China: China’s Ministry of Construction Issues Standard Forms of Guarantee for Construction Works

Last Updated: 26 July 2005

On May 18, 2005, the Ministry of Construction ("MOC") launched 10 standard guarantee forms on its web site for a trial run. The 10 standard guarantee forms include five different types of guarantees and their related entrustment contracts. The five guarantee contracts are two-party contracts to be entered into by the guarantor (i.e., the bank) ("the Guarantor") and the party entitled to the benefit of the guarantee under the construction contract (i.e., the owner in the case of the performance guarantee, or the contractor in the case of the payment guarantee) ("the Beneficiary"). The five entrustment contracts are tri-party contracts to be signed between the Beneficiary, the Guarantor, and the party whose performance is being guaranteed under the relevant contract ("the Performing Party").

The five types of guarantee are:

  • Bid bond from contractor’s Guarantor to owner as Beneficiary
  • Performance guarantee from contractor’s Guarantor to owner as Beneficiary
  • Payment guarantee for contract works from owner’s Guarantor to contractor as Beneficiary
  • Payment guarantee for subcontract works from contractor’s Guarantor to subcontractor as Beneficiary
  • Payment guarantee for supply of goods from contractor’s Guarantor to supplier as Beneficiary

We will discuss the first three forms of guarantee in this article and will not address the other two forms or the various entrustment contracts.

Before we proceed, however, it is important to note that the MOC forms are not what are commonly referred to internationally as on-demand bonds (i.e., a guarantee to pay a sum of money to the Beneficiary upon the Beneficiary’s first demand to do so); rather, they take the form of an undertaking to recompense the Beneficiary up to the specified level of the guarantee in the event of a default by the Performing Party in undertaking its obligations under the contract (often called "default bonds").

On-demand bonds can be categorized as contracts of indemnity that create a primary rather than a secondary liability. This means that the liability under an on-demand performance bond exists quite independently of the liability between the Performing Party and the Beneficiary under the primary construction contract. Default bonds, on the other hand, can be loosely described as contracts of suretyship. A suretyship agreement can be defined as a contract by which one person (the surety or Guarantor) agrees to answer for some liability of another (the Performing Party) to a third person (the Beneficiary). In this case, the obligation is a secondary liability that depends for its existence upon a primary liability existing in the construction contract.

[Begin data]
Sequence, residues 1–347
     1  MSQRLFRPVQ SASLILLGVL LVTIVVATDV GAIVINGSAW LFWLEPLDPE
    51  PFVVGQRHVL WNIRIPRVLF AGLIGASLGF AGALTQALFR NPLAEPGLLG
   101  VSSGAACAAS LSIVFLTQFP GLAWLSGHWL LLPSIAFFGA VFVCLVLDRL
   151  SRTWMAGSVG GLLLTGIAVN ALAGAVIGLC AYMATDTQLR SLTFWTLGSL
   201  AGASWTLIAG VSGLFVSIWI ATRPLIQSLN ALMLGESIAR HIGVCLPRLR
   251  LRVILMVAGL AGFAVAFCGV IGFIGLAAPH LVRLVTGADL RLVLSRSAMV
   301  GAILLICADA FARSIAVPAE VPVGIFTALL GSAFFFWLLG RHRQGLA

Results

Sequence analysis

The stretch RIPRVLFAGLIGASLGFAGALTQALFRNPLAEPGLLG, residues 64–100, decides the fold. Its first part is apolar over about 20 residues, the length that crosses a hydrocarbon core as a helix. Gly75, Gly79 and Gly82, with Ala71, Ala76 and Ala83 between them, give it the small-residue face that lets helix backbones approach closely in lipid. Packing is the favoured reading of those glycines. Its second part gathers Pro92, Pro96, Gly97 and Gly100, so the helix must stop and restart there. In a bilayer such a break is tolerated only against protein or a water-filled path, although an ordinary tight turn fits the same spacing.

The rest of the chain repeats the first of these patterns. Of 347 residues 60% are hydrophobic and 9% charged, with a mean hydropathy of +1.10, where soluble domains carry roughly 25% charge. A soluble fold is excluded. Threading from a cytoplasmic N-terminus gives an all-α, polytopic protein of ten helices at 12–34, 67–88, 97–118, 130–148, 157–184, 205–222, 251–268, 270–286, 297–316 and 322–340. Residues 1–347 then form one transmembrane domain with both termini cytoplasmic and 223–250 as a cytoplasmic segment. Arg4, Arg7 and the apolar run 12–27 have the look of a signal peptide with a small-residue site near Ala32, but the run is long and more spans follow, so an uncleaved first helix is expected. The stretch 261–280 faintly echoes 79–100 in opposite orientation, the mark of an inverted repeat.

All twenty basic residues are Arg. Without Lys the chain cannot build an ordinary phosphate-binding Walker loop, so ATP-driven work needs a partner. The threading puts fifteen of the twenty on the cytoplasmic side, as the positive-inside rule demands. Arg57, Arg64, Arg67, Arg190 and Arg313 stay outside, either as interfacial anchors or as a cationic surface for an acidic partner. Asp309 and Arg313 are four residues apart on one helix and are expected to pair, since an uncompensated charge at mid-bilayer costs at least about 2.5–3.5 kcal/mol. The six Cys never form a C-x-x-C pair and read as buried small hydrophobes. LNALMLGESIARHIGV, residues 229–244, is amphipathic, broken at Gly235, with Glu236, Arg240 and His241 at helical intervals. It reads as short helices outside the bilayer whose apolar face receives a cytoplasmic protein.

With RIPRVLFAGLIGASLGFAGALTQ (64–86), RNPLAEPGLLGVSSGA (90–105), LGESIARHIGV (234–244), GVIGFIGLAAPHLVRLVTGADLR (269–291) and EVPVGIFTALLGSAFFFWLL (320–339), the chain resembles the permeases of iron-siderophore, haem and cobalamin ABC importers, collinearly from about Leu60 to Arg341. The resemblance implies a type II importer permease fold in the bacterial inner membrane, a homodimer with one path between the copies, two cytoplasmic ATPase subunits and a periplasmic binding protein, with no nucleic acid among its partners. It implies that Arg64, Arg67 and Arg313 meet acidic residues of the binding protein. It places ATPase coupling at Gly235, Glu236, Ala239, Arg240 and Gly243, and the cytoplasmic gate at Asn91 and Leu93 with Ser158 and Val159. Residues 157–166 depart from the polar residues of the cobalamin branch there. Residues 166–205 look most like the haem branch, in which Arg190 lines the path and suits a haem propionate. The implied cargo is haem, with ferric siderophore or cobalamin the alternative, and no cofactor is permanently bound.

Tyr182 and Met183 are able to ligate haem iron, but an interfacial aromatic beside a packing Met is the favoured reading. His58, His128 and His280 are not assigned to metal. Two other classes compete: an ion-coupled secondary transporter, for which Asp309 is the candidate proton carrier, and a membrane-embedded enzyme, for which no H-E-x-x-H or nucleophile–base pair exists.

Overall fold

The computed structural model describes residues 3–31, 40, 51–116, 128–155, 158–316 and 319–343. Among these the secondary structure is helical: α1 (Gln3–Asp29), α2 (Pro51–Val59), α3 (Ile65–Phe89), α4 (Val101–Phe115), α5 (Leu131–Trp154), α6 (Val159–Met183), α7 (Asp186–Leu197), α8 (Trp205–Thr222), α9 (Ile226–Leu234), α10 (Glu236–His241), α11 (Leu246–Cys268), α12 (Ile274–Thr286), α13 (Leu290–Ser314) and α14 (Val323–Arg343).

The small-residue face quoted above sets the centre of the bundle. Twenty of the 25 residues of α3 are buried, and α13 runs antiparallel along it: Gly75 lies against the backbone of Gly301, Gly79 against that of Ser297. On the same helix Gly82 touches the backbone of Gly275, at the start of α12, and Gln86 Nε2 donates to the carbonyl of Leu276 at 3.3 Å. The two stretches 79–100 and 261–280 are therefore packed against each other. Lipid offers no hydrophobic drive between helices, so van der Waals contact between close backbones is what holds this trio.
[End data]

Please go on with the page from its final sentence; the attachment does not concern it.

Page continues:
Common Features of the Guarantees

The five guarantee forms are quite similar in structure and share the following features:

  • All five standard guarantee forms are default guarantees (i.e., the Beneficiary must provide evidential proof to show that the Performing Party is in breach or default of the underlying construction contract).
  • The currency of the guarantee is to be in Chinese Renminbi.
  • The Guarantor provides a guarantee of the actual losses suffered by the Beneficiary up to a limit or cap specified in the guarantee.
  • The guarantee requires the Performing Party to provide an indemnity to the Guarantor by way of a separate entrustment contract.
  • All notices of claim must be made in writing.
  • The Beneficiary must state in the notice of claim the amount it is claiming and details of its bank account.
  • All claims must be supported by evidence proving default by the Performing Party. If the alleged default relates to quality issues, the Beneficiary must provide a statement prepared by the relevant quality inspection authority as evidence to support its claim. A time period can be set for the Guarantor to verify the claim.
  • The Guarantor excludes liability for losses caused by:

- breach of contract by the Beneficiary

- waiver by the Beneficiary of the Performing Party’s obligations in part or in full

- variations to the underlying contract that result in additional liabilities being imposed under the guarantee

- force majeure events.

  • The guarantee expires when payments made under the guarantee reach the amount of the cap under the guarantee.
  • All disputes arising out of the guarantee shall be resolved by parties’ consultation, failing which they will be referred to litigation in court.

Potential Problems From the Perspective of International Investors and Owners